Planning Your Day in Champagne

Champagne is about 100 miles east of Paris and is best known for producing sparkling white wine.The viticultural boundaries span 70,000 acres, and are split into five wine producing areas; the Aube, Cote des Blancs, Cote de Sezanne, Montagne de Reims, and Vallee de la Marne.

The key planning questions for your trip to the Champagne region.

1. Where do you want to start and end the day?
2. How long do you want to tour for?
3. How do you want to split the day between Houses, vineyards, and historic sites?
4. If staying overnight, where is the best place to stay?
5. Do you want to combine your trip with vineyard visits in Burgundy, Loire, Alsace or Provence?

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Start Times & Duration by Location

 Full Day from Paris
 at 7.45am (2hrs by Car / 40mins by TGV)
 Duration 10hrs
 Full Day from Champagne
 at 8.45am +/-
 Duration 8hrs
 Half Day from Champagne
 1:45pm +/-
 Duration 4hrs
 Half Day from Champagne
 at 8:45am or 1:45pm+/-
 Duration 5hrs
Full Day Combinations

 Famous Houses
 2 cellars + 1 family vineyard
 Family Vineyard
 3 or 4 family vineyards
 1 cellar + 2 family vineyards

The towns of Reims and Épernay are the main commercial centres of the region. The city of Reims is 80 miles east of Paris. Founded by the Gauls, it became a major city during the Roman period. Reims houses the headquarters of Veuve Clicquot, Ruinart, Pommery, Mumm and Taittinger. Their deep spectacular carved underground chalk cellars & tunnels are still used to age the Champagne. The UNESCO Cathedral in Reims is one of France's great masterpieces of Gothic art and a highlight worth a visit. It became the cathedral of Coronations for French kings in memory of the baptism of Clovis by Saint Remi on Christmas Day 498. For those interested in art, the Beaux Arts Museum houses some a small but interesting collection of art deco art and furniture.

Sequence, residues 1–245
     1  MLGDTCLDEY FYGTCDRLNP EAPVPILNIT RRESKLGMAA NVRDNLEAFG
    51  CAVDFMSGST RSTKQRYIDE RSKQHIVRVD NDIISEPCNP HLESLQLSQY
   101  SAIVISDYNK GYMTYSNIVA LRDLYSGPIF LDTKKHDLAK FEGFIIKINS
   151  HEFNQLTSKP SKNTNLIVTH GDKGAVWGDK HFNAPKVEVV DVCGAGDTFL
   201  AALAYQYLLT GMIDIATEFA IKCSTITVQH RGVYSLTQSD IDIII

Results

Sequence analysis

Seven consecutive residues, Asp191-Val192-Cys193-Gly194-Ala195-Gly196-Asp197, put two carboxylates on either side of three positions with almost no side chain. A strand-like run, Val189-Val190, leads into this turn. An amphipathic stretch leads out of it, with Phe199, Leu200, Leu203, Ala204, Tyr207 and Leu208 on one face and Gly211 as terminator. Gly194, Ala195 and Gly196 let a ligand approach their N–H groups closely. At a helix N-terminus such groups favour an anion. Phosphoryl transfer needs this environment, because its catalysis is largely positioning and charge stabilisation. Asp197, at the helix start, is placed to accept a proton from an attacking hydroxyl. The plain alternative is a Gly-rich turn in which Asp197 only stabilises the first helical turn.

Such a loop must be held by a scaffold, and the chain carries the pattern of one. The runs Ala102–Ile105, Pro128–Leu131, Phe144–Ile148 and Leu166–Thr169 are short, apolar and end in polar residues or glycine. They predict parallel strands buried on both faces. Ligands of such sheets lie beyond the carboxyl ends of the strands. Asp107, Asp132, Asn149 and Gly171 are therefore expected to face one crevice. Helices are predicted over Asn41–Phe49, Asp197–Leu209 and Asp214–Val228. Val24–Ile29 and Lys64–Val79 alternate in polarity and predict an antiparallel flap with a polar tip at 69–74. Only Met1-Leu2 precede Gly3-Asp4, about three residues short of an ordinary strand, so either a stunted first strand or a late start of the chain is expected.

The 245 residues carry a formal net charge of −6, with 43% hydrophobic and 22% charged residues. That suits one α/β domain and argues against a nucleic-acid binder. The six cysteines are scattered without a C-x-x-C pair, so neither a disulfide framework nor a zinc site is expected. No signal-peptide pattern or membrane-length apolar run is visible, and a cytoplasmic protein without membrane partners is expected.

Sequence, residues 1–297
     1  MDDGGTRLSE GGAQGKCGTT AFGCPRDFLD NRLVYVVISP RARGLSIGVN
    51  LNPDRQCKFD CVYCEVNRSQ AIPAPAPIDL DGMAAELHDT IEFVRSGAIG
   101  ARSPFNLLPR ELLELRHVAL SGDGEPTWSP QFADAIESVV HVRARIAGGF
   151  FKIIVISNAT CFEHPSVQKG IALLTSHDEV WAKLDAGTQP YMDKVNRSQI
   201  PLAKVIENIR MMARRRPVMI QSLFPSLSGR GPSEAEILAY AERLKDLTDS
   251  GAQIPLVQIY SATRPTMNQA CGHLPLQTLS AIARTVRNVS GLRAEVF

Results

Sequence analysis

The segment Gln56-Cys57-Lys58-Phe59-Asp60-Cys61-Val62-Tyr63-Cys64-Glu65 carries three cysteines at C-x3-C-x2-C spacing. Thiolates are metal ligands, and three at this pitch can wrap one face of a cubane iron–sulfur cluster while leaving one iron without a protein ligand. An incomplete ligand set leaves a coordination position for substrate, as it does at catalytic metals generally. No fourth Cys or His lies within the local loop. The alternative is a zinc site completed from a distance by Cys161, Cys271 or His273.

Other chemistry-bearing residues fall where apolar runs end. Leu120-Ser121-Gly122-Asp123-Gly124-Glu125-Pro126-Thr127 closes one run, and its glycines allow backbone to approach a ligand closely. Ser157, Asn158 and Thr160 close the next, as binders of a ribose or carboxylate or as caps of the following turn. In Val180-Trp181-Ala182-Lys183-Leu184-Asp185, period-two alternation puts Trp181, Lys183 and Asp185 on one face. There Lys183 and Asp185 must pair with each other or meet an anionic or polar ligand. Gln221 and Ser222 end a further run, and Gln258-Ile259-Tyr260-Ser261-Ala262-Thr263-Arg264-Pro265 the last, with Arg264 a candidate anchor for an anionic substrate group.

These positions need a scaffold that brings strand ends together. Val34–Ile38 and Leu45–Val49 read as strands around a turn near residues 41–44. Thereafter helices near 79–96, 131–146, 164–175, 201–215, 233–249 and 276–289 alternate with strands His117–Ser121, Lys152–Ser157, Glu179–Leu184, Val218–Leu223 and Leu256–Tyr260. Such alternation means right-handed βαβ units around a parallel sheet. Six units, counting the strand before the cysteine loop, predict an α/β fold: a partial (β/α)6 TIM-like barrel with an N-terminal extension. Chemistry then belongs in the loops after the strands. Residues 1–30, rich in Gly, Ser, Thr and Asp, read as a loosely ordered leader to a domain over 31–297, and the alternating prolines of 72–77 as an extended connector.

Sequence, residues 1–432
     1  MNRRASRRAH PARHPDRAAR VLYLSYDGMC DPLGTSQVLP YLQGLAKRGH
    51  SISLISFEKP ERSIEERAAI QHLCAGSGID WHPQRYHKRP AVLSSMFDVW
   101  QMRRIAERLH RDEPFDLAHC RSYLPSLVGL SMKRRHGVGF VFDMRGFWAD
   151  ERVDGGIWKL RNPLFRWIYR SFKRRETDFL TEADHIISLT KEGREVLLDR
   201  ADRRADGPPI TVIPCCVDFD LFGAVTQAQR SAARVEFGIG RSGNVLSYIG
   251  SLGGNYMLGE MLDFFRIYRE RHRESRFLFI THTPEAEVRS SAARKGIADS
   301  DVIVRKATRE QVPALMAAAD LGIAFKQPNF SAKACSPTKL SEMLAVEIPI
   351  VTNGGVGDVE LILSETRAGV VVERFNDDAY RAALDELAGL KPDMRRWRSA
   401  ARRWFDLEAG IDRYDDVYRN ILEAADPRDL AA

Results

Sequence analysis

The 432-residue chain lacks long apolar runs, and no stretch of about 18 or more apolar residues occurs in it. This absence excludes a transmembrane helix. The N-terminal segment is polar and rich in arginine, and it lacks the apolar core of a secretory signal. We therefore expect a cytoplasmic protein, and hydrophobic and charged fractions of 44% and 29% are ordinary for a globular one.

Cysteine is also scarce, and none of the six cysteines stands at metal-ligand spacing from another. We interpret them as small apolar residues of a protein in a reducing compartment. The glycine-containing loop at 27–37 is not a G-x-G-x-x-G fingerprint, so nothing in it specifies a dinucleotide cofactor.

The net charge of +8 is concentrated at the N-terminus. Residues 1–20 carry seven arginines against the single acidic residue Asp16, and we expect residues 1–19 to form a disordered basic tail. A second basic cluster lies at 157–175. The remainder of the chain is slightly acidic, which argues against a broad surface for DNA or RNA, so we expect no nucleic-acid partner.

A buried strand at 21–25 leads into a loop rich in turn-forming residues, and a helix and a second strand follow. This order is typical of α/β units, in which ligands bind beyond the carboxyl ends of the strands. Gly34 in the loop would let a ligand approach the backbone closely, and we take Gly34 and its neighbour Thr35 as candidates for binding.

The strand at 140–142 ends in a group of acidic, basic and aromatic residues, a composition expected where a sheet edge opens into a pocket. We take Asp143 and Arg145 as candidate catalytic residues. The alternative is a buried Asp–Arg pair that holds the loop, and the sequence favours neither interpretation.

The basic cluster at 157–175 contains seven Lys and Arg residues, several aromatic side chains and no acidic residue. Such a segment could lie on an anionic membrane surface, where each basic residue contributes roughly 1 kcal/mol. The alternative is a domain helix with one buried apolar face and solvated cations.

Epernay, dates back to the end of the first Iron Age. It has the 2nd largest concentration of major Champagne houses including Moët & Chandon, De Castellane, Mercier, and Pol Roger located on Ave. de Champagne, and about 110 kilometres of underground cellars. Moet traces its history back to 1743 when they shipped Champagne to Paris for the first time. It grew in popularity during the reign of Louis XV who enjoyed it for romantic suppers with his favorite ladies of the court . Close to Epernay is the premier cru village of Hautvillers, with its narrow streets, and sweeping views of the Marne Valley. The village was built around the 7th century Abbey Saint Pierre, home to legendary cellar master Dom Perignon in 1668.
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